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"Some of them brought their musical instruments-accordians, some fiddles, and homemade drums . ... " the westward . It is here that the settlements are situated. Some, such as Iquique and Antofagasta, are quite large. But most are small. All of them have these in common- unpaved and dusty streets, wooden houses in want of paint, pine boards that form their wall s curled up in a merciless sun . A few structures are in better shape, such as some of the stores and the homes of those store owners. There are a few cantinas and fa ndango houses, too, where drinks and ladies of easy virtue may be had by men who have the price. It is cool during the ni ght, but during the day a pitiless sun blazes down on these ports of sin , sweat, and stink. Water is expensive and hard to get. It is supplied by vendors who sell it by the gallon from a barrel mounted on a muledrawn cart. Small as some of these towns are, they all have a so-called "pl aza," where a few trees are planted and watered by that ex pensive fluid , reminding the res idents that there are places on earth where one can grow trees and fl owers and grass. I spent few hours ashore in these harsh ports. I may have been a poor judge, after months at sea, but on those brief vi sits I was amazed to find numbers of truly gorgeous and beautiful women.

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Sailors had to provide their own music, mostly with small instruments like pennywhistles , concertinas, tamborines and the occasional fiddle. The fe llow on the left has made a drum out of half a keg , while another holds a simple triangle. This photo was taken about 1900 on an unidentified British sailing vessel. Courtesy, San Francisco Maritime National Historical Park.

They were well-groomed, vivacious, sparkling eyed, each with a tasteful hairdo accenting a beautiful complexion. I wondered how so much feminine beauty could flourish in such a dismal situation.

* * * * * "I fo und a Christmas tree," said Willie, my watch partner. He was a member of the crew of the Captain 's gig and did not have to shovel coa l. "We put the Captain on board a Kosmos Liner and I fo und this tree floating alongside. It is quite dried up and without needles, so the crew of the steamer thought that it was of no further use and threw it overboard . But it is a Christmas tree!" "Let's make a real Christmas," said Paul, the big shot in the port fo 'c's le, "a Christmas that will be remembered in this port long after we have gone." He looked approvingly at Willie's find . There was a store in Antofagasta that so ld Chri stmas tree orn aments and tinse l and candles, too . I borro wed tools from Chips and made a base fo r th e tree. We managed to get some green paint and some turpe ntine to thin it out, and painted th e dried-up tree. An awning had been stretched above the fo 'c'slehead to keep off the hot sun , but a chill wind would come up from the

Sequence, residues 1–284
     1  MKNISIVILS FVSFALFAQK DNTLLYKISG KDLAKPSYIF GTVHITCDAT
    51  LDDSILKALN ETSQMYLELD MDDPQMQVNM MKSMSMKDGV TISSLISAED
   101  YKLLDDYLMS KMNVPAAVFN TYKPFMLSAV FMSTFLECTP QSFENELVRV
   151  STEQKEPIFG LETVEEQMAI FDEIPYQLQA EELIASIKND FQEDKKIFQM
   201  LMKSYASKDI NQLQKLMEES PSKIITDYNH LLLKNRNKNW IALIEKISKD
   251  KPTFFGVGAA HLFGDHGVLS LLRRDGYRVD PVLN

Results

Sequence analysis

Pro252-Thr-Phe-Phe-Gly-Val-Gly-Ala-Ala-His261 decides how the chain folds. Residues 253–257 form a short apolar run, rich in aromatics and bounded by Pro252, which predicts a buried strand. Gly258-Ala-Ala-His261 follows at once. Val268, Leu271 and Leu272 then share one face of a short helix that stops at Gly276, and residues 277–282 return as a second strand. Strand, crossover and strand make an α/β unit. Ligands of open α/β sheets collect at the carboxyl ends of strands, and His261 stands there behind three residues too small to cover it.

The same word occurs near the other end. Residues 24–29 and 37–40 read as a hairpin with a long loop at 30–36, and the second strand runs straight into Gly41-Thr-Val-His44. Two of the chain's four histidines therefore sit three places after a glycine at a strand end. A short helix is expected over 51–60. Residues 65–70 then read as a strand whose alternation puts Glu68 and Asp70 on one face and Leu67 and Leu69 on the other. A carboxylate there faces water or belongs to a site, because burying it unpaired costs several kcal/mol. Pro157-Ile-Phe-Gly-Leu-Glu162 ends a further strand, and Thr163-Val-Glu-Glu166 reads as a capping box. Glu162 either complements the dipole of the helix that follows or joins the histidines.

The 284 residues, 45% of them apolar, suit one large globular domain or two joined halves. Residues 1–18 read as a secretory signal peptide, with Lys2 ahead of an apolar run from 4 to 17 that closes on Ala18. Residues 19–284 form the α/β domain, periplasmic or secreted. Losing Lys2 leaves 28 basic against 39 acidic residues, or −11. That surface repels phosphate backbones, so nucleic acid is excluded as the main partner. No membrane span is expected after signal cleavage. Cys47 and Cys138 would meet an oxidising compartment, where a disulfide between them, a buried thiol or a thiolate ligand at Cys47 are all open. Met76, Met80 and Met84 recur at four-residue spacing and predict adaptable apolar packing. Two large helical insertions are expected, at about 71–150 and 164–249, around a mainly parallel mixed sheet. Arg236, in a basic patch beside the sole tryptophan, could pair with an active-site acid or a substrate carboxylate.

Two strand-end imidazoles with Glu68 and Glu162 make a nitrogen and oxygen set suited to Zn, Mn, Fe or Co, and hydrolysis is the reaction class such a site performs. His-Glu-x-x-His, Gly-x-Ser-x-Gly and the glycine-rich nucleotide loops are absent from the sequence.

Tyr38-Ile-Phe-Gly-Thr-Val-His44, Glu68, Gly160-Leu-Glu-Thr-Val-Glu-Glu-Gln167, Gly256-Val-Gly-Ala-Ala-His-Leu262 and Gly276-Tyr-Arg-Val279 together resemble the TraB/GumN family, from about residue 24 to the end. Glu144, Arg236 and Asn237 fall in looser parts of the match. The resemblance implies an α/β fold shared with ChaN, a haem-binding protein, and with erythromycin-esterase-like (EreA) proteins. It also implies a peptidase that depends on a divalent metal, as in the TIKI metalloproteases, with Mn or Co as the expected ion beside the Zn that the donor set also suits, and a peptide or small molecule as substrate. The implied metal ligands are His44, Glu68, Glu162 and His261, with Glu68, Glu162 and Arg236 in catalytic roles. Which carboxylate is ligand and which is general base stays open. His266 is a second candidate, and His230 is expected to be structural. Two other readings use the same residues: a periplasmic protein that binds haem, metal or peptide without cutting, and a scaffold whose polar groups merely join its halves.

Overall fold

sea in the afternoon, so we rigged side curtains of canvas to keep it out. In this apartment, we set the tree-our tannenbaum memory of a fo rested land in another he mi sphere a continent and an ocean away. We added tufts of cotton for imitation snow and draped the tree with ornaments and tinsel and fas tened the candles in place on the ends of the brittle boughs. We thought it the prettiest tree we ever saw, although it had no needles at all .

* * * * * When Christmas Eve came the crew of the Anna was well prepared fo r it. They had bought cases and cases of Chilean beer. They wanted to make sure that they and their sai lor guests would not thirst on this Christmas holiday. And the Old Man also anticipated hav ing visitors, so to make sure that they would not starve, he had ordered a quarter of beef and an abundance of fruit and vegetables. It was before noon on Chri stmas Eve when Gau said to me, "Take this Union Jack, Fred, and tie it to the gall ant backstay as high up as you can go. It wi ll tell the Captain ' s friends at Caleta Coloso that ithey are invited on board." It w1as quite a distance to Caleta Coloso .. The tops of the masts on the ships amc hored there were just visible SEA H ISTORY 75, AUTUMN 1995

Sea History 075 - Autumn 1995  

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Sea History 075 - Autumn 1995  

6 World War II Is Over-What Did Victory Mean? by Peter Stanford • 8 A Captain from Cape Cod by Louis A. Norton • 12 The Cape Horn Road, Part...

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